ATROCITY Die Liebe (feat. Das Ich)

EP · 1995 · Gothic Metal
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"Die Liebe (feat. Das Ich)" is an EP release by German metal act Atrocity. The EP was released through Massacre Records in November 1995. Along with the "Calling the Rain" EP from July 1995, it bridges the gap between the band´s 3rd and 4th full-length studio albums "Blut (1994)" and "Willenskraft (1996)". "Die Liebe (feat. Das Ich)" is a collaboration release with German electronic music group Das Ich and is another departure in sound from the band´s early death metal releases.

In only 5 years Atrocity have gone from playing technical deathgrind, to playing goth/groove metal, to the neo-folk excursions on the "Calling the Rain (1995)" EP, and now this...

..."Die Liebe (feat. Das Ich)" sees Atrocity playing an industrial/electronic tinged metal style. About half of the tracks are sung in the band´s native language, and although Atrocity as a band predates Rammstein, this particular release came out only a few months after Rammstein´s debut album "Herzeleid" was released in September 1995, and it´s hard not to make some comparisons. Atrocity are a bit more experimental than their fellow countrymen and not quite as catchy either, but the premise of hard pumped rhythms, industrial sound effects/keyboards, and heavy angular guitar riffs are similar on the two projects.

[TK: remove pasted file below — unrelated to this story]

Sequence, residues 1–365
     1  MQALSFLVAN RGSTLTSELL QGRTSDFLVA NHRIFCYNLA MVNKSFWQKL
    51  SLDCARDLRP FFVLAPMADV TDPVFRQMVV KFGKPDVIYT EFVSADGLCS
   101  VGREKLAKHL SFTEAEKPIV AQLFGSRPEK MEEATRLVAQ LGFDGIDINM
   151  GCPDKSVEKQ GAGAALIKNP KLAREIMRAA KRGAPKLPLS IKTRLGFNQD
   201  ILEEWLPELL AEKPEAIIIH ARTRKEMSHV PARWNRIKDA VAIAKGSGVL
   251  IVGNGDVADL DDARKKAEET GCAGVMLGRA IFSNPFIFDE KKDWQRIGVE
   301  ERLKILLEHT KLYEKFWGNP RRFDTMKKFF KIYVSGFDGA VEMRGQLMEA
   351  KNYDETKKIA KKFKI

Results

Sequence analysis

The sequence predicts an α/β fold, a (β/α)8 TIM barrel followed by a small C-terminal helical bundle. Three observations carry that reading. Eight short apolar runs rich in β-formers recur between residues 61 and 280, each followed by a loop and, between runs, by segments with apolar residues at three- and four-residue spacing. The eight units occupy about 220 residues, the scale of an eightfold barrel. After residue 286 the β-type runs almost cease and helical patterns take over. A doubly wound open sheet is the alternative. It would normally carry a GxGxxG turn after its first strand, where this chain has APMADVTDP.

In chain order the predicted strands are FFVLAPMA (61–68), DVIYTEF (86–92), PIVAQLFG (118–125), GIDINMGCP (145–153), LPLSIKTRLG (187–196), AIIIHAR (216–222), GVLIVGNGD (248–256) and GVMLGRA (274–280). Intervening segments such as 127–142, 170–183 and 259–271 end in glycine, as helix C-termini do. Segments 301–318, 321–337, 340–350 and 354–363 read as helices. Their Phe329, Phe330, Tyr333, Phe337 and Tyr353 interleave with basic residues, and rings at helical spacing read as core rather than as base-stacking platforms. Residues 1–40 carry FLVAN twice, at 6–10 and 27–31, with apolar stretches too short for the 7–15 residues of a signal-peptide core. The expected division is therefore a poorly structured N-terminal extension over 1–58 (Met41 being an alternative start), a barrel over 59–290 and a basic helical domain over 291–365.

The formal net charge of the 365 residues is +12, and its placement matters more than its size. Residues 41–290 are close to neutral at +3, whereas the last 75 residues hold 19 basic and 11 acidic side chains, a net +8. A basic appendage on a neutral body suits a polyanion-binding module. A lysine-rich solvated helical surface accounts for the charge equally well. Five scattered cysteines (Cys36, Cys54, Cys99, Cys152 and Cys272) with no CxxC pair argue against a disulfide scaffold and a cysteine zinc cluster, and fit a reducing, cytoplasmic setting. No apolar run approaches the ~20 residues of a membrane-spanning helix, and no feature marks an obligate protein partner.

While some of the material featured on the 9 track, 40:37 (album length) EP are new, Atrocity have also included some altered versions of tracks from "Blut (1994)", including another version of the rap metal styled "Miss Directed", which is retitled "Misdirected" on this release. Atrocity are skilled musicians and adventuruos musical souls too, which their creative songswriting approach bear witness to, but "Die Liebe (feat. Das Ich)" is not their most shining musical hour. I praise the boldness of the idea, but this experiment just doesn´t work. The material is simply not well written or catchy enough. A 2.5 - 3 star (55%) rating is warranted.

gothic metal movie reviews


Movie · 2011 · Gothic Metal
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Released to celebrate the 16th anniversary of the classic gothic doom metal album, Paradise Lost's Draconian Times MMXI simply has them play through the entire album in order, then add on some encores from their wider discography at the end. It's a decent capture of the Paradise Lost live experience, though ultimately they stick close enough to the studio rendition to make this a little redundant in the end. If you're very keen on this specific period of the band's career - after their early pioneering death-doom work, before they steered away from metal entirely to explore other gothic realms prior to their 2000s return to metal - then it's probably worth it, but even then you might find you just prefer to spin the studio album again.